Tag: Jewish Education

Turning to the Israeli Supreme Court

By Anat Hoffman, Executive Director, Israel Religious Action Center
Cross posted at IRAC.org

Education is fundamental to the Jewish soul. As a people we have fought to be able to continue learning even in the most difficult circumstances. In Israel, we are fortunate to have top-quality Jewish and secular education. Learning into adulthood is not feasible for most Israelis, but tens of thousands of men in the ultra-Orthodox community receive state support to continue their studies for their entire lives. This privilege is not available to all Israelis.

When I was a member of the Jerusalem City Council back in the 90s, I met a young woman who changed the way Israelis think about education. Jenny Baruchi was a student at the Hebrew University and, as a result of her mother being employed there as a cleaner, she was able to attend without paying tuition. In spite of this advantage, she was unable to finish in the usual period of three years; as a single mother, Jenny had to work at the same time to support herself and her family. Jenny turned Jerusalem on its head when she decided to sue for the right to receive the same living stipend that haredi men receive for studying in kollel (a religious school for married men).

She brought to the attention of many Israelis for the first time that thousands of married haredi men were able to study for a lifetime with state support, while students in universities who come from economically challenged backgrounds had almost no options for support. Many yeshiva students receive stipends for on-going study, and these stipends are not based on merit.

These stipends are a major contributor to haredi men not joining the job market in Israel. Allowing tens of thousands of haredi men to continue religious studies for a lifetime without developing any “real world” skills keeps them from ever breaking the cycle of poverty, and it robs the Israeli society of their contribution. In fact, the national budget for yeshiva students is more than twice the amount available for university students in financial need.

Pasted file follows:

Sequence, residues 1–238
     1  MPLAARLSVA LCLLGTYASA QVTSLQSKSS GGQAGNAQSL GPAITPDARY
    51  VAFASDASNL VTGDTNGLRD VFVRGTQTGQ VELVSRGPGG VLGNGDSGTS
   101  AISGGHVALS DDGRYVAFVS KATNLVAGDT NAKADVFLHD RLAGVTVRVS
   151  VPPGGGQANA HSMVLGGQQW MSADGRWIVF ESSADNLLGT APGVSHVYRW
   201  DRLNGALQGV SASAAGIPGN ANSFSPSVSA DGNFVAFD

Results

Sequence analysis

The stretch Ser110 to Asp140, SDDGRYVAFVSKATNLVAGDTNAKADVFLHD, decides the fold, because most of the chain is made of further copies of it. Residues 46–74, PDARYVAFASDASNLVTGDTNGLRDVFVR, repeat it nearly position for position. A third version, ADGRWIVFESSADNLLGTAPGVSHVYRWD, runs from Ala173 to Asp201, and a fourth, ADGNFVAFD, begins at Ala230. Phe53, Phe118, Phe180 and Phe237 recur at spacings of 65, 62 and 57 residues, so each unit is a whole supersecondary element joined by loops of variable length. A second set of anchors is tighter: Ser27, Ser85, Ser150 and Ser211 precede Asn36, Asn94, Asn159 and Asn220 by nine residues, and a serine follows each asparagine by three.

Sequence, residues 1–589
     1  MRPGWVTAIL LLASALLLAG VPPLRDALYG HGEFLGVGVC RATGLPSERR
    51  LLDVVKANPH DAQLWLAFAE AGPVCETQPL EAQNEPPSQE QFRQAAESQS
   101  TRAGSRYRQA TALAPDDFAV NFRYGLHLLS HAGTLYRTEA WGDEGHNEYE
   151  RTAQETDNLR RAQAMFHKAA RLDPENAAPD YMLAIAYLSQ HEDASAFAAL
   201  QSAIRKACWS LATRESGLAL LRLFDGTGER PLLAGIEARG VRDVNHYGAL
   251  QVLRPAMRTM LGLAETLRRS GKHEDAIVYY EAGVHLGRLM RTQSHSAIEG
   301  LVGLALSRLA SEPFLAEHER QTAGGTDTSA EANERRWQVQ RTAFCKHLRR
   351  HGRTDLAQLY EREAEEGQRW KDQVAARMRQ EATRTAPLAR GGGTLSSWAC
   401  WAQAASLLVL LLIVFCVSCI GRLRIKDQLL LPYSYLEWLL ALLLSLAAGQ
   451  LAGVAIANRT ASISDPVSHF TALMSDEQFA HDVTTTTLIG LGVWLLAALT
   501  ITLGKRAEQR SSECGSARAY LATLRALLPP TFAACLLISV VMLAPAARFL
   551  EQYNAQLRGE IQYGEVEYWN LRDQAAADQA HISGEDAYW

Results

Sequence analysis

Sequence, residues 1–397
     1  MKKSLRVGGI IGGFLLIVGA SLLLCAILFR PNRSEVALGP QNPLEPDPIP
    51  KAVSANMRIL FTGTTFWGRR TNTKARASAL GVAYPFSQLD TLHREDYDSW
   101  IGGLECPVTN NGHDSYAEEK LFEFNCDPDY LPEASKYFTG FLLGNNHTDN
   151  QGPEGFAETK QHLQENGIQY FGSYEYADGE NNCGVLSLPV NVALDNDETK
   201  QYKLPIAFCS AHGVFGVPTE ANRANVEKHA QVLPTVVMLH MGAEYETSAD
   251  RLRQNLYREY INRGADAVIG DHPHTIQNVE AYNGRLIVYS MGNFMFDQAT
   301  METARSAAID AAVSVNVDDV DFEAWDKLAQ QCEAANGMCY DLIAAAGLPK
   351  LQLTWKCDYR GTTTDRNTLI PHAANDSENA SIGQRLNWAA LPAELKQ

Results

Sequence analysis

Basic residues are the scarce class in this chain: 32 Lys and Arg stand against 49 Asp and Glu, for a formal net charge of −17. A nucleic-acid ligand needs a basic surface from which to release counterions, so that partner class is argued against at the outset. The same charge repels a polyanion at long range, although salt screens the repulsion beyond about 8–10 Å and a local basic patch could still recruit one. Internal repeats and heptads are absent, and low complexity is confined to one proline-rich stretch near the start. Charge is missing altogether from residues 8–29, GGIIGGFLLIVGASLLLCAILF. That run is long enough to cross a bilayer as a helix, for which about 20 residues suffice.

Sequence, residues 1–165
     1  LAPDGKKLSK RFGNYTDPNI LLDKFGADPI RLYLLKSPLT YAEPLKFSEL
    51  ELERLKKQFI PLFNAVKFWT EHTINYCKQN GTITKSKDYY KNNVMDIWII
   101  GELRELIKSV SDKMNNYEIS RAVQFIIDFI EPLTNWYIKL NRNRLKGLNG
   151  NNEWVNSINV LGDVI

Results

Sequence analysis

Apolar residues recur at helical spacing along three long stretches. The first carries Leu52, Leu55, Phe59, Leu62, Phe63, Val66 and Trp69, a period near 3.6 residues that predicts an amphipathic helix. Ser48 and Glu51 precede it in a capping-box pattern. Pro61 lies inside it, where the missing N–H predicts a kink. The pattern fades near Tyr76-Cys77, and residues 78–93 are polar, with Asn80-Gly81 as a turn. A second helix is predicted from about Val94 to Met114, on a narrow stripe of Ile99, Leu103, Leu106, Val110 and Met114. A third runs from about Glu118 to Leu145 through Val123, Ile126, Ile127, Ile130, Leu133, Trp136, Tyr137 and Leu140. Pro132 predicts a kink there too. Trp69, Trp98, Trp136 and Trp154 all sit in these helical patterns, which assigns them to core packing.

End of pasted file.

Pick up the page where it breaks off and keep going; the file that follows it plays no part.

The Israel Religious Action Center (IRAC) has been at the forefront of trying to stop this preferential treatment, and our recent petition in Israel’s Supreme Court is beginning to crack this long-established system. IRAC’s legal team argued that special scholarships for yeshiva students need to stop. We feel they are harming both the state and the haredi men who take advantage of them.

We were very encouraged by the questions and the general mood of the seven-judge panel. It is actually very rare to have so many judges hearing one case, and it is an indication of how serious they find this issue. We are now waiting to hear their verdict and we hope it will come in the next few weeks, although the wait could drag on for months. If we succeed, it will not end all abuses of the state education budget, but it will close one huge loophole keeping haredi men out of the workforce and stopping poor secular Israelis from being able to study in university.

Jenny Baruchi is a success story. After seven years, taking on debt, and working long hours, she got her degree and is now a motivational speaker in Israel. She helps women from disadvantaged backgrounds understand that education is the key to breaking out of poverty. We are keeping our fingers crossed that the Supreme Court Judges will agree with us that equal access to education is a Jewish value that should be shared with all Israelis.